In 2012, Sightsavers led a consortium of partners around the world to map out the distribution of where trachoma was present, where it was at epidemic proportions, and where it was wanning due to intervention. This effort was called the Global Trachoma Mapping Project (GTMP). The data was collected by those in the field who would have the best first hand knowledge of the trachoma situation in their area. It was then relayed via smart phones. This broad scale data collection effort has helped and continues to help Sightsavers and its glocal partners know exactly where to allocate resources.

Sightsavers and SAFE

The Global Trachoma Mapping Project (GTMP) was the biggest collection of disease data the world has ever seen! Sightsavers and their fifty-three GTMP partners pioneered a method that will be used in the future to accurately map and eliminate other neglected tropical diseases, and in doing so, help them (and others) achieve their broad mission. They were able to collect data from 2.6 million people. By all accounts it was a huge success and they showed what’s possible when motivated people have a noble global mission that attracts many volunteers and resources.

To control, reduce, and eventually eliminate trachoma, Sightsavers follows a SAFE strategy. SAFE is an acronym which stands for:

1. Surgery

This eliminates the problem of the eyelashes scraping the surface of the eye. Surgery also reduces pain and helps to stop reinfections.

2. Antibiotics

An antibiotic called Zithromax, manufactured by Pfizer, is used to treat the disease and prevent it from progressing to the point of blindness. The antibiotic is also distributed to people who live in high risk communities to stop the spread of the disease.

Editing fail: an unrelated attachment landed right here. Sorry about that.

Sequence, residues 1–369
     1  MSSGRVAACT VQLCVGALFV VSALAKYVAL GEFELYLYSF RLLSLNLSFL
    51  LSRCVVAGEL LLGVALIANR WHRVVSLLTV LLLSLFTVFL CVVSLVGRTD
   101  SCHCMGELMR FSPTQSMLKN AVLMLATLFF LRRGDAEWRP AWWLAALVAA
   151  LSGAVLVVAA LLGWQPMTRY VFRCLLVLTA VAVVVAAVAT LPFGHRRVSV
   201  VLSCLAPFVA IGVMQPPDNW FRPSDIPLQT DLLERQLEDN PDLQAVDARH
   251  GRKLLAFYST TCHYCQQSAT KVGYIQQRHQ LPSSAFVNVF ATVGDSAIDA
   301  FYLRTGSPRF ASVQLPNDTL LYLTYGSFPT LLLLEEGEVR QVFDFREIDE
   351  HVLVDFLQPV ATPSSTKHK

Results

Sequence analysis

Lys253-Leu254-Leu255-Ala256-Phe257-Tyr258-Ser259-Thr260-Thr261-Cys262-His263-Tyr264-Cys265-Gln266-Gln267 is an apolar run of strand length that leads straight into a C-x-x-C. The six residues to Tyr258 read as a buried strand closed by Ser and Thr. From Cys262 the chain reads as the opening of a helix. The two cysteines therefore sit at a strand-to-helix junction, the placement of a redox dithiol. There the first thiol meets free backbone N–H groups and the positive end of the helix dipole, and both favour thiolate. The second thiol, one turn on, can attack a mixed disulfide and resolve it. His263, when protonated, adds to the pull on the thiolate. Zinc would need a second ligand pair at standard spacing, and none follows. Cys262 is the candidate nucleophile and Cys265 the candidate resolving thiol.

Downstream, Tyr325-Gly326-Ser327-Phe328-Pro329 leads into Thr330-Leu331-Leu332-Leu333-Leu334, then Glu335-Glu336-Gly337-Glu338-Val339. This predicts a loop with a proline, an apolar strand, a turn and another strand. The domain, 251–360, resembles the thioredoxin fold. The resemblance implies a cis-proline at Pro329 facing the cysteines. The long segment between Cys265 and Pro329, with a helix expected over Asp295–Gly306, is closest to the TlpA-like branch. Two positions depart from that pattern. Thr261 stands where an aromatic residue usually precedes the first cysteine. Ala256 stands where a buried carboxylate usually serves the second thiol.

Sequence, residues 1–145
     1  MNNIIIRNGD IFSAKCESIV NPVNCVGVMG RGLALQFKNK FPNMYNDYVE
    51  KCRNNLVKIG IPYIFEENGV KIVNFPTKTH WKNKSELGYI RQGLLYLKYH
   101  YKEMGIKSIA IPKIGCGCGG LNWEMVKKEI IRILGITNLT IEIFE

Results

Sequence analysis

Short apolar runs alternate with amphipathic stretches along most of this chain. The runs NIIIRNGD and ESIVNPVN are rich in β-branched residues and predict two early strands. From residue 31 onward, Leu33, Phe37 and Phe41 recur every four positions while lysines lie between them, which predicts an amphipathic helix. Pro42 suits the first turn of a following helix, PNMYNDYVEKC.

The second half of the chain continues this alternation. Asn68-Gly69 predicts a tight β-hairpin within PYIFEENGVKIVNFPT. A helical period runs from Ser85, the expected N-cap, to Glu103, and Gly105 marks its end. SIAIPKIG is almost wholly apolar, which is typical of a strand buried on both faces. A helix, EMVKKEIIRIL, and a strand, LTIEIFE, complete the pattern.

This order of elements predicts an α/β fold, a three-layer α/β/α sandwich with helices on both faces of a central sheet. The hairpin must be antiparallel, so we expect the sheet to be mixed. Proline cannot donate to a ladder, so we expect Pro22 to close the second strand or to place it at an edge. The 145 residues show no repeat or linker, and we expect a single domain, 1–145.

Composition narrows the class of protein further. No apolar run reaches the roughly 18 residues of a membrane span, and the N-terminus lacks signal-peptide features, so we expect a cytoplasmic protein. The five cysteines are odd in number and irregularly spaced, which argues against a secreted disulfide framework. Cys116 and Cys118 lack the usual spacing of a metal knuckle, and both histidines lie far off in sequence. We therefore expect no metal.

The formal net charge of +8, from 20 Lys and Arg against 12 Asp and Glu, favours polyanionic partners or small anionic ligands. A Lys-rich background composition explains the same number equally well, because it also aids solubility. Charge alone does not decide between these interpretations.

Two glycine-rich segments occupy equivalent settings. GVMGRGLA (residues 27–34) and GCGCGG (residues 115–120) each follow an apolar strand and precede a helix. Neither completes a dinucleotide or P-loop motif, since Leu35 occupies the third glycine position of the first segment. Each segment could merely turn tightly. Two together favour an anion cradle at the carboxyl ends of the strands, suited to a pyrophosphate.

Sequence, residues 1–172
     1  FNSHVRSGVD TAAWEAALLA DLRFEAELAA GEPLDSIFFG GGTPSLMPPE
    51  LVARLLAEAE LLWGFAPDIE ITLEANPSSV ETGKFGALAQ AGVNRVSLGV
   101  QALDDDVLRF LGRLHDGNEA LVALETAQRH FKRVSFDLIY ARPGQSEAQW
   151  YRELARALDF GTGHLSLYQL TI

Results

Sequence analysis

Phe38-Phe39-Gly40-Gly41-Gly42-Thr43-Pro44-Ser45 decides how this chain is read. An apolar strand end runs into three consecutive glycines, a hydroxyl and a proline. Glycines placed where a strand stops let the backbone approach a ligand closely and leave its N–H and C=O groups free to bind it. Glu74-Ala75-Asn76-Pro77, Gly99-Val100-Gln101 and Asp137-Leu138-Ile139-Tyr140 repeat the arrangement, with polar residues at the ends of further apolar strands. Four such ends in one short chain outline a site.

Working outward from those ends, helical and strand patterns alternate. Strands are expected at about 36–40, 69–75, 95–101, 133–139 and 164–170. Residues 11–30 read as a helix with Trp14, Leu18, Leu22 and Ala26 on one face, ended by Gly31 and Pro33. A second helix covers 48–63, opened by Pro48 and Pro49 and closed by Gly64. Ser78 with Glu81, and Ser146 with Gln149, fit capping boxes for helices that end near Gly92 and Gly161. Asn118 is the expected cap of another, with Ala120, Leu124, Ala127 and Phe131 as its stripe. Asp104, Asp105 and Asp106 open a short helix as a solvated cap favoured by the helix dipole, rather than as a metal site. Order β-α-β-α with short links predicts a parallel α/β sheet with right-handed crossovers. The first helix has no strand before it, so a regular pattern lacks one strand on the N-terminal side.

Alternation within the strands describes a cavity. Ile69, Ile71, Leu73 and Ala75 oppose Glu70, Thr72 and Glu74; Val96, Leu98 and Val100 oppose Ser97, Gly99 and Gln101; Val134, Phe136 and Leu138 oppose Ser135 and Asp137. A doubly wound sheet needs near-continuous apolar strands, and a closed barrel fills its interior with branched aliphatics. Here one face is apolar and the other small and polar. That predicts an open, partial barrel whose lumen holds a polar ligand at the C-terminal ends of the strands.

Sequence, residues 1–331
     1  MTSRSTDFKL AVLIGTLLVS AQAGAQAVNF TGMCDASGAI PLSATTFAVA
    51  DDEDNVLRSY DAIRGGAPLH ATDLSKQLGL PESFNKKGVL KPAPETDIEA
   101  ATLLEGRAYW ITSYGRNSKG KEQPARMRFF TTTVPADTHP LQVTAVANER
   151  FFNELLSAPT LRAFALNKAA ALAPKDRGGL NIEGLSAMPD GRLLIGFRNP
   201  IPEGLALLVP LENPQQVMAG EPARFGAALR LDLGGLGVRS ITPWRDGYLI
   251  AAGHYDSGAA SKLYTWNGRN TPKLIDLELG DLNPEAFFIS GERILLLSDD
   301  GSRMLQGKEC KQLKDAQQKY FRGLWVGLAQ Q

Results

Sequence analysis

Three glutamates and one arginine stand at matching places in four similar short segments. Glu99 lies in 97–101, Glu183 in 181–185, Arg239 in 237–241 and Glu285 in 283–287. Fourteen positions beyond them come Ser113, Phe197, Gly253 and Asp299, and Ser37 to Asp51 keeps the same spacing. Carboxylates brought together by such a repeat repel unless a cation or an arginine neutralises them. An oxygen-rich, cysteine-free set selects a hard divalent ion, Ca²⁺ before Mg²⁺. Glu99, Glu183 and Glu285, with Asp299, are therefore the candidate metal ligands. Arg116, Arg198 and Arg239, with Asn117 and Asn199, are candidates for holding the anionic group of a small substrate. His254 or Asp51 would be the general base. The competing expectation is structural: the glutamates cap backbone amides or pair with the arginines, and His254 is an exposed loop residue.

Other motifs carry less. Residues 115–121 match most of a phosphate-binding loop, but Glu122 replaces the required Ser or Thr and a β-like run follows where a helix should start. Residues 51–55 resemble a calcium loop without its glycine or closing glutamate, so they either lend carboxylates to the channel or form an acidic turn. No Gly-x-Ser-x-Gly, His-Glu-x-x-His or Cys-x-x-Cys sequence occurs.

3. Facial Cleanliness

People in high risk communities are taught the importance of washing their face frequently to prevent the spread of the disease, such as when mothers rub tears out fo the eyes of their children or couples kiss.

4. Environmental Improvements

This step addresses various environmental sanitation issues such as access to clean uncontaminated water and eliminating or reducing the breeding grounds for insects that serve as a vector for the disease.

The SAFE strategy is currently employed in Chad, Ethiopia, Nigeria, Tanzania and Zambia but will likely spread to other countries where trachoma is prevalent as well. Sightsavers estimates they have supported 47,600 people affected by trachoma in the first two years the program has been in place. More than nineteen million antibiotic treatments have been given. One hundred and twenty surgeons and more than twenty-five thousand volunteers have helped to implement the sight saving Sightsavers’ program.

Sightsavers is able to attract the help of big-hearted people like Joanna Lumley because their mission is all about helping people. There is no profit motive. The people who volunteer with Sightsavers tend to be people with a purpose driven life who love making a positive difference in the world — the bigger the better. There is a certain fulfillment and self-satisfaction in participating in one of Sightsavers’ missions that no amount of money could ever buy. In many ways, Sightsavers operates with a currency of love and a compassion to lift the spirit of our fellow humans.

However, it does take actual money and supplies to fund Sightsavers’ humanitarian programs. Luckily, Sightsavers has been blessed by donations from many partners and sources. In fact, their resources have gone up dramatically. Civil Society Media reported that the organization’s income went up by fifty-two percent in 2016, mostly due to an increase in the in kind donations of antibiotics used to fight the infections diseases causing avoidable blindness.

These antibiotics came from Merck and Pfizer, setting a good example for other corporations. Monetary contributions also increased from £41 million to £48 million. Obviously, there are a lot of people, organizations, and businesses who applaud the work of Sightsavers. They do so with both their pocket book and their time.

The title of Joanna Lumley’s Telegraph article was, “No one should go blind from a disease that is entirely preventable in this day and age.” Her article revealed the heart and soul of Sightsavers, as shared by one of its biggest cheerleaders. It’s also a sentiment that virtually everyone can agree on.

Once Sightsavers and its partners eliminate trachoma and river blindness, they will no doubt turn their focus to eliminating other neglected tropical diseases that the profit-driven medical community does not usually address. May the generosity and miracles provided by Sightsavers continue for many more decades to come!